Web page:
Acne is a condition that affects the pilosebaceous units under the skin. Each of these units contains a fine hair and a sebaceous (oil-producing) gland, connected to a follicle, or canal. The opening onto the skin at the other end of the follicle is the pore.
Normally, sebum empties onto the skin through the pore. However, during puberty, the hormones cause the sebaceous (oil-producing) glands to enlarge and increase production of oil (sebum). The excess oil can combine with the hair and cells shed from the lining of the follicle, forming a small plug, preventing the oil from reaching the surface. The oily plug provides a breeding ground for Propionibacterium acnes (P. acnes), a bacteria that lives on the skin. Growth of the bacteria causes inflammation, leading to the acne lesion, commonly called a pimple.
There are several different kinds of pimples. The mildest lesions are whiteheads (closed comedos) and blackheads (open comedos). A whitehead is a blocked pore, causing the appearance of a white spot at the opening to the pore. With a blackhead, the pore is open, allowing the dirty plug to be visible through the opening of the pore. A papule is a small inflamed pimple that appears as a tender pink bump on the skin. A pustule is white or yellow and filled with pus. A nodule is a large solid acne lesion embedded deeply into the skin. It is usually painful. A cyst is the most severe type of acne lesion. It is very deep, painful and filled with pus. Cystic acne is often associated with scarring.
Acne is a common skin condition that affects 80 percent of teens and young adults. In most cases, acne disappears by 30. However, some people continue to have acne breakouts during adulthood.
Many cases of mild acne can be treated with over-the-counter products. Patients with moderate symptoms may need extraction, topical retinoids, topical antibiotics, oral antibiotics or oral contraceptives. More severe cases can be effectively treated with an oral drug called isotretinoin (a synthetic form of vitamin A). Most patients who take this drug have complete or near-complete resolution of acne after taking it for 15 to 20 weeks. However, the drug must be used cautiously because it can have side effects, the most serious being birth defects in the developing fetus if taken during pregnancy.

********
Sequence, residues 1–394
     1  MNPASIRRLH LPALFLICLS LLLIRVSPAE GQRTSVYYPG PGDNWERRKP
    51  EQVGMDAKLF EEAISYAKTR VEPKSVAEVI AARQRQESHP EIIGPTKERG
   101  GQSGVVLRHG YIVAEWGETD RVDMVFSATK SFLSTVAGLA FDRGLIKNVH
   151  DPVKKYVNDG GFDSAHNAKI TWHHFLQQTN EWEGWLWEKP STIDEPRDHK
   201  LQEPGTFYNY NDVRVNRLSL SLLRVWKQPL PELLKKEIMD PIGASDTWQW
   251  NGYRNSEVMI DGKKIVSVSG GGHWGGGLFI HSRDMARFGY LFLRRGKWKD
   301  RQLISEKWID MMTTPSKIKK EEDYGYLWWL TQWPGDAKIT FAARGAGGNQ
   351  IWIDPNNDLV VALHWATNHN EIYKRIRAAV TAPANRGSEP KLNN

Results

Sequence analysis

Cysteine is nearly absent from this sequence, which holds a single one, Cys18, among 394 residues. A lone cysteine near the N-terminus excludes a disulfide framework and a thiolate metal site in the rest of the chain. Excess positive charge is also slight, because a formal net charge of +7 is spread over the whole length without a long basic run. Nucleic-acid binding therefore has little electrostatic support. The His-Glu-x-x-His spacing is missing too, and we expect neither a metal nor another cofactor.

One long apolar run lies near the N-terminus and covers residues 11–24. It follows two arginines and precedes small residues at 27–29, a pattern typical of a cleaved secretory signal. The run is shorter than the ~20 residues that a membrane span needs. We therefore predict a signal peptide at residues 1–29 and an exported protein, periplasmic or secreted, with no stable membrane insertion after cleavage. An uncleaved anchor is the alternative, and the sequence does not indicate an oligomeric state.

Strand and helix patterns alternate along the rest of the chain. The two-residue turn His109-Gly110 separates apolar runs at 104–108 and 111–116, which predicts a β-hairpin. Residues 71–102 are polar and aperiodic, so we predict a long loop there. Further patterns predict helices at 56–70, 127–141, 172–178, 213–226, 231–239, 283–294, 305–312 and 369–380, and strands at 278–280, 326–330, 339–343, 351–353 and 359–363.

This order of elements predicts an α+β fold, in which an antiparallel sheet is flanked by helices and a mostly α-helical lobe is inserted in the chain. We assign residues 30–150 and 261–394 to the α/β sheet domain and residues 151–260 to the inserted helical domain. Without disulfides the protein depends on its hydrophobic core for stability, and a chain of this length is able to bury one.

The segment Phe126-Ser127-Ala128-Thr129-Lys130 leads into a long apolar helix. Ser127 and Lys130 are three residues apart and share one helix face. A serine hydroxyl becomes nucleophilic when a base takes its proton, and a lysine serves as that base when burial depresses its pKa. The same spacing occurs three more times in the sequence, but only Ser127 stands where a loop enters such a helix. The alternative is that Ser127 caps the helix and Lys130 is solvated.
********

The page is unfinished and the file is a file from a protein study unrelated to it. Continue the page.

Another treatment for acne is Isolaz™, a therapy using a technology, called Photopneumatics™ (light and vacuum) to treat acne lesions. Mary Lupo, M.D., Dermatologist in New Orleans, LA, says the vacuum suctions the pore, removing the plug, oil, debris and pus. The blue light kills the bacteria inside the follicle and pore. A broadband light helps reduce redness.
Lupo says the treatment causes little to no pain. A single session takes about 20 minutes and patients typically need anywhere from three to six sessions. Patients need to continue using topical acne products to enhance the Isolaz treatment. For most patients the effects last from three to six months.
Isolaz is recommended for patients with mild to moderate acne, those who don’t have an adequate response to traditional therapies and patients who can’t or don’t want to take isotretinoin. Lupo does not recommend the treatment for people with dark skin.
For general information on acne and acne treatment:
American Academy of Dermatology, http://www.skincarephysicians.com/acnenet
National Institute of Arthritis and Musculoskeletal and Skin Diseases, http://www.niams.nih.gov
“Facing Facts about Acne,” Consumer Health Information, Rockville: Food and Drug Administration, January 2010, pp. 1-2.
Gold, M., and J. Biron, “Efficacy of a Novel Combination of Pneumatic Energy and Broadband Light for the Treatment of Acne,” Journal of Drugs in Dermatology, July 2008, Vol. 7, No. 7, pp. 639-642.
Shamban, A., et al., “Photopneumatic Technology for the Treatment of Acne Vulgaris,” Journal of Drugs in Dermatology, February 2008, Vol. 7, No. 2, pp. 139-145.
Wanitphakdeedecha, R., et al., “Photopneumatic Therapy for the Treatment of Acne,” Journal of Drugs in Dermatology, March 2009, Vol. 8, No. 3, pp. 239-241.